11) Smells & scents: From grass to gasoline at a gas station or window cleaner, perfume, pizza….whatever you can think of. Obviously you don’t want your puppy breathing in chemicals, but you also don’t want your dog to freak out when he does a ride-along at the gas station, when you wash the windows, or when you get dressed up for a date. New smells can really freak a dog out.
12) Dog stuff: Leashes, collars, harnesses, crates and gates, food dishes of various types, car rides, and TOYS! Toys of all types. Yes, you actually have to teach them what toys are appropriate or they won’t know what to do with them. Here’s a hint: get a red Kong toy one size larger than they recommend (skip the “puppy rubber” unless you have a truly delicate pup; it won’t last). Fill it up with your dog’s meal and add a little canned food, baby food, or plain greek yogurt to keep it from all spilling out. Then wiggle it in front of your dog’s nose and then let roll it away from him, telling him to “Take It!” THAT ought to get his attention and keep him busy for quite a while!
So you got your puppy. Now what?
Well, it’s up to you to either continue the socialization process that your breeder started, or to make up for the possible lack of socialization that occurred at the shelter, foster home, or pet store. But how? Well, for starters, use a socialization checklist (such as mine linked below) and find some volunteers for a “puppy party” to play dress up and to bring over their healthy & friendly dogs and/or babies and well-mannered children. Don’t throw a huge party to overwhelm the poor pup, but be sure to invite over a new friend or (three) every day.
If no one you know has children’s toys to borrow, go to a garage sale or a thrift shop. Set up puppy play dates with your friends’ and neighbors’ puppies. Attend a puppy socialization class (not a puppy obedience class, but a socialization or “Puppy Head Start” program – there is a HUGE difference). They should be exposed to all 12 of the experiences listed above, and there should be off-leash puppy play time.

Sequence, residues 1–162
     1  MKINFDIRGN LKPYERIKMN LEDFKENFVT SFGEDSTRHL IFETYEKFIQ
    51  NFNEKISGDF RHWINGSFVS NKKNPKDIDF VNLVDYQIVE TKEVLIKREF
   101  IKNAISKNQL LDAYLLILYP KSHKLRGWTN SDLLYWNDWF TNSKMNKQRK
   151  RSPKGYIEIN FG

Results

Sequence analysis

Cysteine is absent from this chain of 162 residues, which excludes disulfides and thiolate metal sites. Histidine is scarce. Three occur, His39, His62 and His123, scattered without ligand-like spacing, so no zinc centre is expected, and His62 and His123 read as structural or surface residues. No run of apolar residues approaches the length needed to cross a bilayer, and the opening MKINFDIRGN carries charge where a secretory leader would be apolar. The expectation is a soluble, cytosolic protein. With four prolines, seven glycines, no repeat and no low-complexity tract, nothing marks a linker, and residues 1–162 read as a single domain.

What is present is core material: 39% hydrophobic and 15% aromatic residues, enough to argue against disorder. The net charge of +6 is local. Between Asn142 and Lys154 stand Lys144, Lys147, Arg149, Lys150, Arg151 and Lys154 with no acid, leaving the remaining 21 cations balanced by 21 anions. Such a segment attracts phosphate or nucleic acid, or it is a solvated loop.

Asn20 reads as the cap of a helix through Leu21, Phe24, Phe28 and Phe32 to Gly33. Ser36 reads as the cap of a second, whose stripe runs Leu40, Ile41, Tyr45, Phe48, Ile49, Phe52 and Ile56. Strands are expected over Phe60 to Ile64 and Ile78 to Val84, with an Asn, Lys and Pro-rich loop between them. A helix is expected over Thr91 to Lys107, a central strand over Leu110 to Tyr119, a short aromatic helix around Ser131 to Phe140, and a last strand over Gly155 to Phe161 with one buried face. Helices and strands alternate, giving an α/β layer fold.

Lastly, find a members-only multi-age play group and/or puppy parties.
They are very hard to find, but I happen to run them! Unlike the dog park, only friendly and vaccinated dogs who have been fecal tested for parasites (and/or dewormed) and who have been evaluated for temperament may attend. Dogs that act up at all are immediately moved to private training so you don’t get that guy whose dog viciously attacks someone’s puppy, leaves, and then comes right back in with his dog on a muzzle (yeah, that actually happened at the local dog park).
Not only will your puppy learn to act appropriately with other dogs, but he will also be exposed to many kinds of people, objects, sights, sounds, surfaces, etc, and he will be learning to focus on you even in the presence of all of these people, dogs, and distractions! Maintaining membership in this type of group will help prevent your dog from back-sliding in his socialization during the fear periods that can occur throughout the first year of life and help keep him social (read: confident and friendly) for life!
Please be sure to contact me if you are interested in attending my Puppy Social Hour for puppies under 16 weeks or my Country Club for puppies over 16 weeks!
My extended Puppy Socialization Checklist is under construction, but it should be available within the week. In the mean time, try to bring your puppy everywhere you can safely bring him (bring a mat to set him on and wash his feet afterward), and be sure to bring treats and love everywhere you take your puppy!